As this list suggests, the ASEs were intended to please a broadly popular audience. But even the bestsellers tended to be more elevated in tone than their present-day counterparts (Somerset Maugham was represented by five novels, John P. Marquand by six). And it was taken for granted that each crate of books would always contain two or three genuinely challenging titles. The first series of ASEs, for instance, included Joseph Conrad’s Lord Jim, Herman Melville’s Typee, and H.L. Mencken’s Heathen Days. Such books were “sold” to skeptical readers with enticing flap copy, as in the case of the ASE edition of The Great Gatsby: “Its pages are filled with masterly realism, melodramatic action, searing irony, and swift romance…Here is a story that is American to the core.”

In any case, it scarcely mattered what the Council on Books in Wartime printed, for all of the ASEs were hugely popular among servicemen, so much so that they were frequently torn into pieces so that they could be shared more easily. A.J. Liebling, who covered the war in Europe for the New Yorker, even saw them on the beaches of Normandy after D-Day. “These little books are a great thing,” a Brooklyn infantryman told him. “They take you away.”

June 25, 2015

Building A WW2 Tank: A Defense Report On Film – 1941 Educational Documentary

Filed under: History, Military, USA — Tags: , , , — Nicholas @ 02:00

Published on 20 Jun 2015

Activities at the Chrysler Tank Arsenal in Detroit. Wheel suspension units are milled, wheels ground, gun mount gears cut, armor plate put through a punch press and drill, sprocket gears cut by an arc torch, gears heat treated and immersed in oil baths, armor plate hydraulically riveted, the tanks assembled, armament installed, and the tanks lifted from the assembly line by cranes. The tanks are tested at Fort Knox, Kentucky.

June 8, 2015

QotD: German troops on the Atlantic Wall

Filed under: Cancon, Europe, History, Military — Tags: , , , — Nicholas @ 01:00

Formations transferred from the eastern front, especially Waffen-SS divisions, believed that the soldiers garrisoned in France had become soft. “They had done nothing but live well and send things home,” commented one general. “France is a dangerous country, with its wine, women and pleasant climate.” The troops of the 319th Infanterie-Division on the Channel Islands were even thought to have gone native from mixing with the essentially English population. They received the nickname of the “King’s Own German Grenadiers”. Ordinary soldiers, however, soon called it “the Canada Division”, because Hitler’s refusal to redeploy them meant that they were likely to end up in Canadian prisoner of war camps.

Anthony Beevor, D-Day: The Battle for Normandy, 2009.

June 7, 2015

QotD: Air power on D-Day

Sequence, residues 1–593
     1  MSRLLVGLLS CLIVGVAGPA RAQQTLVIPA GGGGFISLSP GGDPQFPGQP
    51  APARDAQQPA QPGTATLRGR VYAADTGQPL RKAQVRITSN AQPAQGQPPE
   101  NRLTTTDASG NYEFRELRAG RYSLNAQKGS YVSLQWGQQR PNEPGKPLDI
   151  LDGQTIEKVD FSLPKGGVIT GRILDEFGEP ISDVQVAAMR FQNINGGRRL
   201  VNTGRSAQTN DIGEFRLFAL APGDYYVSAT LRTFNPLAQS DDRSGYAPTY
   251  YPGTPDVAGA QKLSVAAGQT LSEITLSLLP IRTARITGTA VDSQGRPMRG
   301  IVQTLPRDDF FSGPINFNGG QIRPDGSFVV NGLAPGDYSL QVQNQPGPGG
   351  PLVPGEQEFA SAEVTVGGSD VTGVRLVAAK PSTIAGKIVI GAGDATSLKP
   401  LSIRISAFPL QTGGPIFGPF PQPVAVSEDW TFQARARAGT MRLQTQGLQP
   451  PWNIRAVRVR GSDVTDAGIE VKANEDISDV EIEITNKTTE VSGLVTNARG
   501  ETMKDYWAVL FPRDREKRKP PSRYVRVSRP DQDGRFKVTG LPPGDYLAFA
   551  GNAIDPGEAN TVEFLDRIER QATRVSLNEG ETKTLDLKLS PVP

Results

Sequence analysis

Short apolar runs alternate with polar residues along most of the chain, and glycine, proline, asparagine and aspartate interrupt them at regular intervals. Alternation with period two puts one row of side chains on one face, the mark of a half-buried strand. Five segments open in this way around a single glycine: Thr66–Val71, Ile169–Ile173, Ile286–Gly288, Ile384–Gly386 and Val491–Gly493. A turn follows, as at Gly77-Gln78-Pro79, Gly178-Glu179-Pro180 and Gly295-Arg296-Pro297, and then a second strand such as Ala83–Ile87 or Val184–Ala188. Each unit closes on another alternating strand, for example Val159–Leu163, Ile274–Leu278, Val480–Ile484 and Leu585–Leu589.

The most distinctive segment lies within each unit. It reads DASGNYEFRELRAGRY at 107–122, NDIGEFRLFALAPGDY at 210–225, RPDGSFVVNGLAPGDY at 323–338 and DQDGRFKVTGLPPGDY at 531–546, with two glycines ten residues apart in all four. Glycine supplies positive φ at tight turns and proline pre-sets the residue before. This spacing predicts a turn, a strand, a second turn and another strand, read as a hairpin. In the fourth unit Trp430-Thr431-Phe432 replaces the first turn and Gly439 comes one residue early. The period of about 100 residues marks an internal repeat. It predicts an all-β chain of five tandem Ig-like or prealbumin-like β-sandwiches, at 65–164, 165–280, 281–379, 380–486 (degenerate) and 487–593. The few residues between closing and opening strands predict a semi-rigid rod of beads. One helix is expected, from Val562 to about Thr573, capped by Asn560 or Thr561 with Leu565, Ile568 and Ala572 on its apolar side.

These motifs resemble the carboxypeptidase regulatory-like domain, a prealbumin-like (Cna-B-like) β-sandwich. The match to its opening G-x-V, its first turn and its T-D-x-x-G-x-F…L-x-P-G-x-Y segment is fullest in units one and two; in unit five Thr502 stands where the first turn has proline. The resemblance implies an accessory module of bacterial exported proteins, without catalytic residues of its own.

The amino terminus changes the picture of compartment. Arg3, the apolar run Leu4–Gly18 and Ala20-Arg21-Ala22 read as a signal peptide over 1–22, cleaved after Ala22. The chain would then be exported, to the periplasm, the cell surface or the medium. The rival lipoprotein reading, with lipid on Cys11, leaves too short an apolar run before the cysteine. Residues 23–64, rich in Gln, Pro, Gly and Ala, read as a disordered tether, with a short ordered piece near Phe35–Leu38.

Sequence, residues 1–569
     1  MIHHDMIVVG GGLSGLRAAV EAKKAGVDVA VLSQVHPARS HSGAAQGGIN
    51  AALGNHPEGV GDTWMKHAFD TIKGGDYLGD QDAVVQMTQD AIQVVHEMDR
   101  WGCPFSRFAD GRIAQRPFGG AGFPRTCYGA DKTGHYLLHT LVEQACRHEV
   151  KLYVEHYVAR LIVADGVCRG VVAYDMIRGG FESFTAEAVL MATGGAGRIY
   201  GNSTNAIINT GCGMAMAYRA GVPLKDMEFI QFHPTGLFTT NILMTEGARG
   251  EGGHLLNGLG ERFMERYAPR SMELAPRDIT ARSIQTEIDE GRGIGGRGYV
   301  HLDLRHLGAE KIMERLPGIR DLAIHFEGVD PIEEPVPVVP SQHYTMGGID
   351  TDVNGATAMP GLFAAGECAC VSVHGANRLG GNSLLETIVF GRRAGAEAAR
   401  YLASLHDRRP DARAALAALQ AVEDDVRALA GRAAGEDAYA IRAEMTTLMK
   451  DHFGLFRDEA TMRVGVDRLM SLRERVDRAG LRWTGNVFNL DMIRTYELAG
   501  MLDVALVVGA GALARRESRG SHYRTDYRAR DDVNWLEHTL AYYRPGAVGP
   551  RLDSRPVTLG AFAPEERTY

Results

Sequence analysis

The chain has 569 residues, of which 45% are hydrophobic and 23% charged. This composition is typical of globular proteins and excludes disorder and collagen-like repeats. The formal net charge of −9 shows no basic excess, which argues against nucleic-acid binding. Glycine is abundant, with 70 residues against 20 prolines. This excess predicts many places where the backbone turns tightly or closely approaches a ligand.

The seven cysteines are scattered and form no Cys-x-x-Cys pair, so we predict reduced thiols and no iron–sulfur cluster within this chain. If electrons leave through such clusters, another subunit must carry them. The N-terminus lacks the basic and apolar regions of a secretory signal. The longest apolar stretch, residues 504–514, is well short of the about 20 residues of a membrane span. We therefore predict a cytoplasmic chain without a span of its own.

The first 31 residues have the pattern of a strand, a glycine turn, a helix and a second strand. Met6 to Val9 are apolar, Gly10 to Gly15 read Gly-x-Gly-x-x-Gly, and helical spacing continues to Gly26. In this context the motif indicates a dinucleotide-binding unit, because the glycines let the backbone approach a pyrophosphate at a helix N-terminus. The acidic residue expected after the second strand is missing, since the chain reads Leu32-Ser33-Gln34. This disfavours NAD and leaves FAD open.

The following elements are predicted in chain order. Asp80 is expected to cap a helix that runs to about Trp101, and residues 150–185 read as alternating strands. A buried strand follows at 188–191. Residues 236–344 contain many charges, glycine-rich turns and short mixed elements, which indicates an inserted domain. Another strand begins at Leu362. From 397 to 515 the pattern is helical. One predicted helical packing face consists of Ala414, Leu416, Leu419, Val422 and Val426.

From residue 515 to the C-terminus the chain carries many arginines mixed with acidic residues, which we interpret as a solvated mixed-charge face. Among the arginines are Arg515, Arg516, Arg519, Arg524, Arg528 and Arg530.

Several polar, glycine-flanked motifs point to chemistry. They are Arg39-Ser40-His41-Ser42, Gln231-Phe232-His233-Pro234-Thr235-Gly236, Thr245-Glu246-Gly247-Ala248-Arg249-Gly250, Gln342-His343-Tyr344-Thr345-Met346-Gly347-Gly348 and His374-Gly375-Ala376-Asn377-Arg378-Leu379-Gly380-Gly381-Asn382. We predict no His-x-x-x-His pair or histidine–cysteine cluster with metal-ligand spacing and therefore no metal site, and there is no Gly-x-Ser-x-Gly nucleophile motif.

Filed under: Europe, History, Military — Tags: , , , , — Nicholas @ 01:00

Allied fighter-bombers continued to attack not only front-line positions, but also any supply trucks coming up behind with food, ammunition and fuel. The almost total absence of the Luftwaffe to contest the enemy’s air supremacy continued to provoke anger among German troops, although they often resorted to black humour. “If you can see silver aircraft, they are American,” went one joke. “If you can see khaki planes, they are British, and if you can’t see any planes, then they’re German.” The other version of this went, “If British planes appear, we duck. If American planes come over, everyone ducks. And if the Luftwaffe appears, nobody ducks.” American forces had a different problem. Their trigger-happy soldiers were always opening fire at aircraft despite orders not to because they were far more likely to be shooting at an Allied plane than an enemy one.

Anthony Beevor, D-Day: The Battle for Normandy, 2009.

June 6, 2015

QotD: Getting ashore on D-Day

Filed under: Europe, History, Humour, Military — Tags: , , — Nicholas @ 01:00

At 04.30 hours on the Prince Baudouin, the waiting soldiers heard the call: “Rangers, man your boats!” On other landing ships there was a good deal of chaos getting the men into the landing craft. Some infantrymen were so scared of the sea that they had inflated their life jackets on board ship and then could not get through the hatches. As they lined up on deck, an officer in the 1st Division noticed that one man was not wearing his steel helmet. “Get your damn helmet on,” he told him. But the soldier had won so much in a high card game that his helmet was a third full. He had no choice. “The hell with it,” he said, and emptied it like a bucket on the deck. Coins rolled all over the place. Many soldiers had their field dressings taped to their helmet; others attached a pack of cigarettes wrapped in cellophane.